FOREST PARK — Council members in Forest Park are expected to replace the entire Board of Ethics on Monday in the aftermath of a second complaint filed against city leaders.
A recall petition targeting Mayor David Lockhart and council members Maudie McCord, Latresa Akins and Tommy Smith is also being circulated in the city. The petition alleges the four forced former City Manager John Parker to resign and replaced him with an individual they are calling a friend of Lockhart’s who has no experience in city government at an annual salary of $121,000.
“Mr. Parker brought the City out of the ‘red’ and into the ‘black,’ and put the City in the position of being the only city in Clayton County, and one of the few in the entire southeastern United States, to be debt-free,” the petition states.
The recall effort also points to a recent $35,000 settlement with a former Councilwoman Karen-Brandee Williams. Williams sued the city in U.S. District Court alleging leaders discriminated against her under the Americans with Disabilities Act.
Williams, who said she suffers from fibromyalgia, battled with the city over the purchase of a special chair for her to use during council meetings. Instead, workers built a ramp onto the dais so Williams could sit in her own chair.
Residents Roy and Diane Lunsford and Carl Evans filed 25 ethics complaints against her which resulted in Williams’s ouster from office in July 2011 and her prosecution on charges in Clayton County Superior Court.
Council members also crafted an ordinance keeping Williams from running for office for five years. However, with the settlement and her first-offender prosecution behind her, Williams implored the mayor and council on Aug. 5 to reinstate her in Ward 2. That seat, which has been vacant for more than two years, is up for election in November.
The recall petition alleges that the settlement was actually a pay-off for Williams’ support of Lockhart’s election campaign and that it was not voted on by council members.
According to the agenda for Forest Park City Council, all terms of the five members of the ethics boards expired more than a year ago. Under the city’s ordinance, a member is appointed to the ethics board to represent each of the five wards.
At Monday’s meeting, the city council is expected to appoint five new members to serve staggered terms. Members from the odd-numbered wards will serve two years and representatives from wards 2 and 4 will serve three years.
The decision to replace the board more than a year after all five terms expired comes days after a second ethics complaint was filed against city leaders.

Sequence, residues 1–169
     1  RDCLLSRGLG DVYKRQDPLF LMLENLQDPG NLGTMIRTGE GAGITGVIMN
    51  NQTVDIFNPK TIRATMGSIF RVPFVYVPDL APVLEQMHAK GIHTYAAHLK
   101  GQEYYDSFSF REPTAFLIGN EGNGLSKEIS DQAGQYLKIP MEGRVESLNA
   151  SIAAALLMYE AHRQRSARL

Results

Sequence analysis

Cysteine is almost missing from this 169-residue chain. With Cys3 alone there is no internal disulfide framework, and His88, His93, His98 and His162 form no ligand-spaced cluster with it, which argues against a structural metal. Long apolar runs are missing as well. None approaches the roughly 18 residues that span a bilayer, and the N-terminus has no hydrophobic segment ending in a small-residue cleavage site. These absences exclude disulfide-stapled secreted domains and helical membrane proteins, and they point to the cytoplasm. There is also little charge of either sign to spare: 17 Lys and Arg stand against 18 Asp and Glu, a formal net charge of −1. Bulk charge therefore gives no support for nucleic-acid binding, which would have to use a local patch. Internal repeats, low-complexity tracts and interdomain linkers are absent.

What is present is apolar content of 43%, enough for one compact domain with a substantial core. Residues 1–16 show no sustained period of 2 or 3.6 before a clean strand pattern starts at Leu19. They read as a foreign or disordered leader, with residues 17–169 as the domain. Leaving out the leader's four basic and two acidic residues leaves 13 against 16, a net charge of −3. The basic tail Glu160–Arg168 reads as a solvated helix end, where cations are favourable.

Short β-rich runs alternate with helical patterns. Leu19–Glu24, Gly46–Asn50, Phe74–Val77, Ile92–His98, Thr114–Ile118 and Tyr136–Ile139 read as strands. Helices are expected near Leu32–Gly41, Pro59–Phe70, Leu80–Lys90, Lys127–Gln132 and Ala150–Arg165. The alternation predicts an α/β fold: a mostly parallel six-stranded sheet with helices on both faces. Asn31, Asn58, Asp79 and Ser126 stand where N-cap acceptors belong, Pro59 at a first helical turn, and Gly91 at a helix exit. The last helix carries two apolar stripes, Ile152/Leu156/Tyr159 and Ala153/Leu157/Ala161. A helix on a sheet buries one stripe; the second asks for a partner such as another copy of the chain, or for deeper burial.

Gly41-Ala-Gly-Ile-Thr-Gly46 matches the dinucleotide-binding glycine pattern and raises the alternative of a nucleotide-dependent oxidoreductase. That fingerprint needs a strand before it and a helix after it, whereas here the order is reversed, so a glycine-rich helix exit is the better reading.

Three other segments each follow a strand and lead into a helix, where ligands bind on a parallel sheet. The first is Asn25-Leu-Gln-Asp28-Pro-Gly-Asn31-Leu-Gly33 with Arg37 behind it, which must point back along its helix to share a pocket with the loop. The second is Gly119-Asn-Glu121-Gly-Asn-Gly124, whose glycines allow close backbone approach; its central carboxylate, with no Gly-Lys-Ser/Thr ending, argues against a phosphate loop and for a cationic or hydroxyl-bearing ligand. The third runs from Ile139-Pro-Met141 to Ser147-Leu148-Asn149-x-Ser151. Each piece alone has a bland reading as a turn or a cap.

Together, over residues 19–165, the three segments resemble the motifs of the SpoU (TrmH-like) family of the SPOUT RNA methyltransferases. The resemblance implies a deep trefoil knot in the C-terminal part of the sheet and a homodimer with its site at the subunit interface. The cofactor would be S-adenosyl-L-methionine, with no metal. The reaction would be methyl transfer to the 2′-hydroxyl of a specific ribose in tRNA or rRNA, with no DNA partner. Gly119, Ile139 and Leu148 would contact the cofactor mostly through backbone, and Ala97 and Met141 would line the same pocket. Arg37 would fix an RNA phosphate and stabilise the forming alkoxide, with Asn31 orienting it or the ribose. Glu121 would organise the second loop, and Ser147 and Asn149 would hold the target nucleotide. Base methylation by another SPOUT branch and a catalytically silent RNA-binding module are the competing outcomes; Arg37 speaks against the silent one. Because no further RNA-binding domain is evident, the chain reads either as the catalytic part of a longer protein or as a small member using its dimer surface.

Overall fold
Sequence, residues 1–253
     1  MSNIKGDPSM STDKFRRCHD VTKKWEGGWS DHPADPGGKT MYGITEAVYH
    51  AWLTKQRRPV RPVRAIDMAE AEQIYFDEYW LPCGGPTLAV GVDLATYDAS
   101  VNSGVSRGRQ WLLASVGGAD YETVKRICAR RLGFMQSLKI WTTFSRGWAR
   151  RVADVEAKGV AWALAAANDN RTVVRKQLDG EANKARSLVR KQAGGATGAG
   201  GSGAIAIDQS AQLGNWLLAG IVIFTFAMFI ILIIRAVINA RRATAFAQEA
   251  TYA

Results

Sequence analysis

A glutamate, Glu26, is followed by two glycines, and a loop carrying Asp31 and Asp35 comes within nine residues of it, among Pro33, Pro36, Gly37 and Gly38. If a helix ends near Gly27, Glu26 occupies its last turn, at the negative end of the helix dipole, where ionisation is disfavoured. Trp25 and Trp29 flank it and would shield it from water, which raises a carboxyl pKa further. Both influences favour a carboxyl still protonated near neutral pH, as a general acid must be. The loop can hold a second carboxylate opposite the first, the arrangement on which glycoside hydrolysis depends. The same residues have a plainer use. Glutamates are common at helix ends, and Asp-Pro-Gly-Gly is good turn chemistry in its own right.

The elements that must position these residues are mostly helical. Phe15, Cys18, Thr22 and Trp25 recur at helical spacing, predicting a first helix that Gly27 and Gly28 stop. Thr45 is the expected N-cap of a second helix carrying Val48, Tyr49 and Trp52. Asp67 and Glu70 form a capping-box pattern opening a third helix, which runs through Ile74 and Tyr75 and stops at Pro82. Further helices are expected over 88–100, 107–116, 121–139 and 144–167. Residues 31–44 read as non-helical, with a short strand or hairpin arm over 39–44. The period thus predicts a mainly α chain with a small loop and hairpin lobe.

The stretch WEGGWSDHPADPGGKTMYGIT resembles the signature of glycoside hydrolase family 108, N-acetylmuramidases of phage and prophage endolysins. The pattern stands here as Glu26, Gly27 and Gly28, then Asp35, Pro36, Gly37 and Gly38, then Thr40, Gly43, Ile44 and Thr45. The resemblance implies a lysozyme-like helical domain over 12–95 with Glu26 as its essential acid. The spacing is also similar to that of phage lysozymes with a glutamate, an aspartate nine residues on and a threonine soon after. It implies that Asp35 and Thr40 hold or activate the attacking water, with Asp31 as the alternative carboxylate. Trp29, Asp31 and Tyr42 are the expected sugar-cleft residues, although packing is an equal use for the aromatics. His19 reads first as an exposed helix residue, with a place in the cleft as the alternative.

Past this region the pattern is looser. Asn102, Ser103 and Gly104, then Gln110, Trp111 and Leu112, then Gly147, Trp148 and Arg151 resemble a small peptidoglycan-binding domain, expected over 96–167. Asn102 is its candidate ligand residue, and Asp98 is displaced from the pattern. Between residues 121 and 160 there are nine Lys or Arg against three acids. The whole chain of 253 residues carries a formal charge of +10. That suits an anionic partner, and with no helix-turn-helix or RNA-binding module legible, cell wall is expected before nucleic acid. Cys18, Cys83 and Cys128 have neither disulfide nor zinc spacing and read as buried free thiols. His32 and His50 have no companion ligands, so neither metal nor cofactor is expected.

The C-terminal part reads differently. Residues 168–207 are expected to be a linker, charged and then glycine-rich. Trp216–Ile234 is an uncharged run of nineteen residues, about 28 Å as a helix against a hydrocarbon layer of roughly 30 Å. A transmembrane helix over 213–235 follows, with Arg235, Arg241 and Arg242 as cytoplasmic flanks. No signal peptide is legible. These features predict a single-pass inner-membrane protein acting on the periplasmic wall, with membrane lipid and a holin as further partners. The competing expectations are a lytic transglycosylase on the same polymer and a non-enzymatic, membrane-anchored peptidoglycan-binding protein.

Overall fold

Announced mayoral candidate and former Public Works Director Mike Gippert alleges that Lockhart, McCord, Akins and Smith violated city ordinances during a called meeting July 26 by creating the position of assistant city manager by adoption of a resolution.
Gippert also alleged the four violated other portions of the ordinance on Aug. 5 by hiring an elections superintendent to replace Darnell Moorer. Council voted last month to fire Moorer based on Akins’ assertion that he is “too political” and was publicly critical of Lockhart.
McCord told council members she was approached last month by a woman who expressed an interest in becoming elections superintendent. She said she knew nothing of the woman’s background outside of her emailed resume.
Gippert said the action constitutes an ethics violation.
“The elected officials, except Councilwoman Linda Lord, violated the City’s Ethics Ordinance by voting and approving a motion to hire a woman, whom none of them supposedly knew, and who was and is not qualified, to be the Elections Superintendent for the city, without following the city’s general practice of advertising and making the position available to qualified candidates in the public at large,” according to Gippert’s complaint filed Aug. 9.
McCord said the woman, Charity Woods, is enrolled in a September class that will give her the education she needs to serve in the position. She said Woods is a good candidate because she has “no political ties to anyone in the city that I know of.”
The Clayton News Daily reached out to Woods several times for comment on the appointment and questions about her background. However, she has not responded.
Gippert filed an ethics complaint against Lockhart last month. A hearing on that filing was delayed when the city learned about the expired terms of the Board of Ethics members.
Monday’s work session starts at 6 p.m. followed by the regular meeting at 7 p.m. Both meetings are open to the public and include portions where residents can address council members.